Phototherapy at a Glance
- Best Results2-20 weeks
- Treatment Recovery0 Days
- Procedure Time1-5 minutes
- Skin SpecialistDermatologist
- Duration of ResultsVariable
- Back to WorkImmediately
- CostNo charge (Medicare)
Phototherapy Narrowband UV
Phototherapy harnesses the energy of light to naturally treat conditions such as acne, eczema, psoriasis & vitiligo. Depending on the condition, dermatologists employ UVA, UVB, blue, red & yellow light to naturally remedy some conditions. Phototherapy sessions take a few minutes to perform, with a frequency that ranges from one to three times a week. Most cases are covered under Medicare.
FactsFacts On Phototherapy
- Phototherapy can treat skin conditions ranging from acne, vitiligo, psoriasis, atopic dermatitis & many more
- The most common form of medical phototherapy uses narrowband UVB
- Medical phototherapy reduces skin inflammation, reducing the requirement for drugs including steroid creams
- Phototherapy takes a few minutes to perform with little if no side effects
- Medicare pays for this treatment, so there is no out of pocket expense
- Results from phototherapy can be seen within 2 weeks of starting
What is phototherapy?
Phototherapy is a broad term that refers to light therapy. In the context of this page, it refers specifically to narrowband UVB. Narrow Band light therapy delivers a precise, calculated dose of light in a photobooth. The procedure is done in the clinic & is supervised by dermatologists. It is considered as a medical treatment under Medicare.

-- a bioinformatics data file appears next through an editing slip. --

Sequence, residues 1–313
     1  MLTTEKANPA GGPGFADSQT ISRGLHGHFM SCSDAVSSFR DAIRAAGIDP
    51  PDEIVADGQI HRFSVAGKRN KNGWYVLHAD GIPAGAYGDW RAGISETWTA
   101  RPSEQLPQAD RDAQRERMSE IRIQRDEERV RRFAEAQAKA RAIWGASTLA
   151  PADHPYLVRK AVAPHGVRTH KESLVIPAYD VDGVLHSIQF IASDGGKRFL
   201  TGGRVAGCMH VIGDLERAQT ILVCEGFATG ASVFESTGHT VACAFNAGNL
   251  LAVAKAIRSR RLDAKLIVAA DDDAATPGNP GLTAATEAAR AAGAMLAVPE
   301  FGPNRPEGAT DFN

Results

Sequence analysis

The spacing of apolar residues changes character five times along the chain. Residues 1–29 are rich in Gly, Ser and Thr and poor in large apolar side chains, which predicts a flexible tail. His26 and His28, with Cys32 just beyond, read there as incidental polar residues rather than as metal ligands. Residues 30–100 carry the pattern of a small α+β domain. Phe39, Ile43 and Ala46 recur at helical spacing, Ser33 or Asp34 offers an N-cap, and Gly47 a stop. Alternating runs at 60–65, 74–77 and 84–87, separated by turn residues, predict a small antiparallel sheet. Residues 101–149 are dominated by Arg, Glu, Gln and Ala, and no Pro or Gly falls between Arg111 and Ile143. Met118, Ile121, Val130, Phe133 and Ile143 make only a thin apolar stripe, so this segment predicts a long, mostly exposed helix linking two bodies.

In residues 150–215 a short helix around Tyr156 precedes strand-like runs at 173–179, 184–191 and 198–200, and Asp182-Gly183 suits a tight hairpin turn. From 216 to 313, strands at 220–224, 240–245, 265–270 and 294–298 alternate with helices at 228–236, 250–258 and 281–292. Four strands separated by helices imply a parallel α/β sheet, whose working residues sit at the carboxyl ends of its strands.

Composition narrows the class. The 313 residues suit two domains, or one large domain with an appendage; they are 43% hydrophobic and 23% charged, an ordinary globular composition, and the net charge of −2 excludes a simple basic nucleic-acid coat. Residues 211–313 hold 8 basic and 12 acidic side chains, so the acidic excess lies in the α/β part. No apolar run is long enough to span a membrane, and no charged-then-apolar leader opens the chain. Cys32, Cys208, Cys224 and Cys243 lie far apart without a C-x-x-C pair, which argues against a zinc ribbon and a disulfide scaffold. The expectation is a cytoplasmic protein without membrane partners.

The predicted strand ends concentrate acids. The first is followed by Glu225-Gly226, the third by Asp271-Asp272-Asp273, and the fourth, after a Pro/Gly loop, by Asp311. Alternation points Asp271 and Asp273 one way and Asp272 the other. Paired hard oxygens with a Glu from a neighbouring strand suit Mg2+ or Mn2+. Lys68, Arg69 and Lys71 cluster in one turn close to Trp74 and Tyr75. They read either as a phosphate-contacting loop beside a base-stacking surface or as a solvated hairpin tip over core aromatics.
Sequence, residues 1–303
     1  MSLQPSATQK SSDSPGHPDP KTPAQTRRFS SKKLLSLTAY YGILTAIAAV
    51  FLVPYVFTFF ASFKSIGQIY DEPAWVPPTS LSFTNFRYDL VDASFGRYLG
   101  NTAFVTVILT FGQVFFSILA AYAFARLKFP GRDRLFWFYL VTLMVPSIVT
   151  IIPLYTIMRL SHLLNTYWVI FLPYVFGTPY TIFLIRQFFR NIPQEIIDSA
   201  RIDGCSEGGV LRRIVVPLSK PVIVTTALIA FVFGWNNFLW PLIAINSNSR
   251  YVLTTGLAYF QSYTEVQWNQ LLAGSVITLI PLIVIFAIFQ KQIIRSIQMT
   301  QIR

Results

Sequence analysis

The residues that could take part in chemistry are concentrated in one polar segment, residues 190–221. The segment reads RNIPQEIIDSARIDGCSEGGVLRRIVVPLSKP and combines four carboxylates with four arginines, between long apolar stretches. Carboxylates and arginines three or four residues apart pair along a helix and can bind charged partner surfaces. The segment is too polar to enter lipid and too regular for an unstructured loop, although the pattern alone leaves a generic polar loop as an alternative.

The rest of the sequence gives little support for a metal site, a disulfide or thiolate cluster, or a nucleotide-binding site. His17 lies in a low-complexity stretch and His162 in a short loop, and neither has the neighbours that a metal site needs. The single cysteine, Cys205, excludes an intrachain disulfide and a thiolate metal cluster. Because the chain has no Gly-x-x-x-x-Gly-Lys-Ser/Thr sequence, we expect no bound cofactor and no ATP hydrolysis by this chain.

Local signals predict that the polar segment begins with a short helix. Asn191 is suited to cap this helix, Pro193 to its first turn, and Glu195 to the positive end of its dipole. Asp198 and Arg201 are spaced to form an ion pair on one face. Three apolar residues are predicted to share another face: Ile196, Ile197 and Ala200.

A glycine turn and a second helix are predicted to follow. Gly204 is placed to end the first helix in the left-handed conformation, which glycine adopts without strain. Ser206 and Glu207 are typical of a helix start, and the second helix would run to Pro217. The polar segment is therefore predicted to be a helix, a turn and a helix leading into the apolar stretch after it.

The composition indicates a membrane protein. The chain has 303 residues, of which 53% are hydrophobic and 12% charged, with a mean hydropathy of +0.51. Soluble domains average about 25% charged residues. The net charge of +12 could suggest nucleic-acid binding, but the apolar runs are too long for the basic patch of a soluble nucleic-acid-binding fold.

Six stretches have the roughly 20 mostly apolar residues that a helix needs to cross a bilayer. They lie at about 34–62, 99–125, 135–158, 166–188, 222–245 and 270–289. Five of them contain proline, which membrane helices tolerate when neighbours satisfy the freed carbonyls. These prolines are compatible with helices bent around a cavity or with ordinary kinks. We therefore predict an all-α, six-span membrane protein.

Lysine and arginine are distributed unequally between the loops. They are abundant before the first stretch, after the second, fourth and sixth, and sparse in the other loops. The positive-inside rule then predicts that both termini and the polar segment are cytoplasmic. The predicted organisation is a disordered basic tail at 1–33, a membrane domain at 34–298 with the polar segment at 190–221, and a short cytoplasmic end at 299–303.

Phototherapy can also be delivered using light emitting diodes that emit blue, red, & yellow light. This form of phototherapy is used to treat acne, wound healing & anti-aging. This form of phototherapy is considered as cosmetic & is discussed in other sections of this website.
What conditions can be treated with phototherapy?
Dermatologists employ different forms of light therapy based upon certain skin conditions. We use UVA, UVB, Narrowband UVB, blue, red, & yellow light.
- Blue light phototherapy is suitable for acne.
- Red Light phototherapy is best for anti-aging & reducing inflammation.
- Narrowband phototherapy is used to treat psoriasis, eczema, vitiligo, & many more inflammatory conditions.
*Medicare classified blue & red light as cosmetic. A rebate does not apply. Rebates apply for narrowband UVB under the guidance of a dermatologist.
What is involved in Phototherapy treatment?
Phototherapy treatment is performed at Cutis clinic and is overseen by dermatologists.
- Phototherapy patients will initially have a consultation with a Dermatologist who will review your medical history and assess your suitability for phototherapy treatment.
- During your appointment your dermatologist will determine your starting dose in phototherapy. You can start this treatment on the same day as the consultation.